Local languages and dialects were banned from schools. Authoritarian leaders changed the country’s name from Siam to Thailand and created what today are icons as a sort of nationalist glue for the country. Pad thai, the stir-fried noodles so common in Thai restaurants, was introduced by the authorities as a national dish. The government also promoted the use of a greeting, “sawasdee,” that is used nationwide. Decisions about everything from the appointment of Buddhist clergy to the architecture of Thai temples were transferred from the provinces to Bangkok.

But perhaps most important for the cementing of a Thai identity has been the long reign of King Bhumibol, who was crowned in 1950. The king is now ailing, and his absence from civic life — he has not publicly commented on political tensions for several years — has added to a sense that the country has lost its rudder.

Three governments supported by northern and northeastern voters have been removed from power since 2006, one — Thaksin’s — by a military coup and two in highly politicized court judgments. For the last five months, protesters in Bangkok have demanded the overthrow of the government and a reduction in the influence of the Shinawatra clan, which is from the northern city of Chiang Mai.

Boontham Kaewkard, a wood carver here, said he was ready to confront the anti-government forces if they removed the prime minister. But he laughed at talk of secession. “It’s a crazy idea,” he said. “Thailand must remain Thailand.”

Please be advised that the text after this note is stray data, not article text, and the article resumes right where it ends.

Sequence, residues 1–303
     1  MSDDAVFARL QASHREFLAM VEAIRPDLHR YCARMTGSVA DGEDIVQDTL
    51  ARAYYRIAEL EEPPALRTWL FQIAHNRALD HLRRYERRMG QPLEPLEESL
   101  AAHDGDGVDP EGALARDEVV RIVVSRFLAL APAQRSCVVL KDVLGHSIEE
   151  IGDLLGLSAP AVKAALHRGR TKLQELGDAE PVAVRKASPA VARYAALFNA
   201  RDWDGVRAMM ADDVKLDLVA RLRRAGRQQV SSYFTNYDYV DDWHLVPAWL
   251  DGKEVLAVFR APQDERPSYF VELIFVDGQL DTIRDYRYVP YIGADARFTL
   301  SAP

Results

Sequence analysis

Yet from a political standpoint, the Thai electoral map already shows two Thailands: The north has consistently voted for the governing party in recent elections, while the south has either voted against the party or obstructed elections, as protesters did in February. Both sides warn of civil war if tensions escalate.

Government supporters say a sense of solidarity has emerged between northern Thailand and the vast northeastern Isaan plateau, where the maternal tongue, a form of Lao, is similar to the Lanna language of the north.

Chalida Chusirithanakit, a pharmacist in the northeast, says the current round of protests has kindled “a real sense of pride in being Isaan people,” especially among the government supporters, called the red shirts.

“They feel they have struggled and have been oppressed for a long time,” said Chalida, who moved to Isaan from northern Thailand nearly 40 years ago.

Support for Yingluck and her party is so strong in Maha Sarakham province that “even a dog in a red shirt could run in an election and win,” she said.

The red shirts have staged a number of demonstrations in recent weeks in what they say is a message to the Bangkok establishment showing the strength of their numbers — and their readiness to fight back if the government is toppled.

At a meeting in Chiang Mai last month, a leader of the red shirts, Nisit Sinthupai, spoke about a Buddhist monk who is considered the patron saint of northern Thailand, Kru Ba Srivichai. The monk, who died eight decades ago, is lionized for his piety and devotion to his followers.